Whenever a new trailer drops, there will be clues about who is directing the said film. Each director has their own style and unique attributes, and to that end, spotting a movie that Michael Bay directs is easy to recognize. Just look for an abundance of explosions, cars flipping on their sides, extreme camera angles, an overuse of Dutch angles, and not to forget, movies that feature either weak character development or a simple plot loaded with holes. Everyone knows Michael Bay is the master of creating chaos in his films, and he could be considered the most extreme second unit director. His latest film, Ambulance, brings everything you’d expect in a Bay film, and it can be best described in three descriptive adjectives: loud, dizzying, and exhausting. That’s not to paint this movie as a bad flick, but it should rightfully start with a disclaimer before the film begins.
The movie takes place in Los Angeles, once dubbed “The Bank Robbery Capital of the World,” where Danny Sharp (Jake Gyllenhaal) is getting prepped for his latest heist. He’s a career criminal who has robbed many banks starting at seventeen and plans never to quit. His father was also a notorious criminal who was ruthless, but Danny is more kind-hearted, vowing not to shoot a cop. Danny’s adoptive brother Will (Yahya Abdul-Mateen II) visits him and needs some financial assistance. His wife needs some experimental surgery which medical insurance won’t cover, so Will is desperate for some cash. I find it odd that a procedure such as a knee surgery would cost roughly $200,000, but perhaps I’m not in tune with the pricing of medical procedures. This plot point is used only to trigger Will’s actions and is never mentioned again.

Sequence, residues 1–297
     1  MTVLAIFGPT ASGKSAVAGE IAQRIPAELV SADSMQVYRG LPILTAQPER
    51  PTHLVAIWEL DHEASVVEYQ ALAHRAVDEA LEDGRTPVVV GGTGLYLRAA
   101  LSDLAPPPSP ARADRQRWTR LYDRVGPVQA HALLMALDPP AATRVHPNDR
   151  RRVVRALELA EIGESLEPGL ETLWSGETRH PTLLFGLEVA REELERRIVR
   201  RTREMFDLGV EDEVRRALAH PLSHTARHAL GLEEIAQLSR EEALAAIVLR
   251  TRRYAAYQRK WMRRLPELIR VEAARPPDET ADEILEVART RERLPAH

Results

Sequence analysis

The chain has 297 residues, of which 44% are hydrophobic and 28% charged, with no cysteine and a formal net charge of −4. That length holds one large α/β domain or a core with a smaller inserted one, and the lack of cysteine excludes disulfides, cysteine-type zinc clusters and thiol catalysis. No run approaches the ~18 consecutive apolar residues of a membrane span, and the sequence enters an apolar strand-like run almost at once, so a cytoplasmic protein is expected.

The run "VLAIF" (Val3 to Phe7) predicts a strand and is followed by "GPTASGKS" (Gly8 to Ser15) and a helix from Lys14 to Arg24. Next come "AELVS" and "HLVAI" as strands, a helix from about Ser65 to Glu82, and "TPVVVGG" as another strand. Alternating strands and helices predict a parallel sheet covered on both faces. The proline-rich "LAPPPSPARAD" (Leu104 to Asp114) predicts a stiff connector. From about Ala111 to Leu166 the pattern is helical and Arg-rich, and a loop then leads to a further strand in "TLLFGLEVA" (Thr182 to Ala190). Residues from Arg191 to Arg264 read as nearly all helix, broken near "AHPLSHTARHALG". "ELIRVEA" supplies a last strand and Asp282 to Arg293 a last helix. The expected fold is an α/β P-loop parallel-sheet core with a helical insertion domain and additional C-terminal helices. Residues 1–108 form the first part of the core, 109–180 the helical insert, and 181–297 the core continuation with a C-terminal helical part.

Will is aware of Danny’s criminal actions but has always stayed away and does not wish to be a part of that life. During this meeting, Danny offers Will a choice. Either join him on his latest job or walk away. He reluctantly agrees and is nervous even though Danny reassures him that everything will work out just fine. Besides, he’s been planning this heist for a while, and the payoff is worth the risk. $32 million is more money than anyone can imagine.
Danny has his team load up and heads to the bank near downtown. The rest of the crew are given no development whatsoever, so when they get killed, we hardly remember them. The robbery is discovered by a rookie cop named Zach (Jackson White), who enters the bank to ask a young teller out. He’s been building up the courage to do so, and today is the day that everything will change. The simple robbery turns into a shootout when police units respond to the scene, and a gunfight ensues. Besides the cops being on the scene, members of the S.I.S. (Special Investigation Section) are staking out the bank and have been following Danny’s criminal gang. This unit is led by Captain Monroe (Garret Dillahunt), a quirky guy who brings as much threat to the gang as the police do.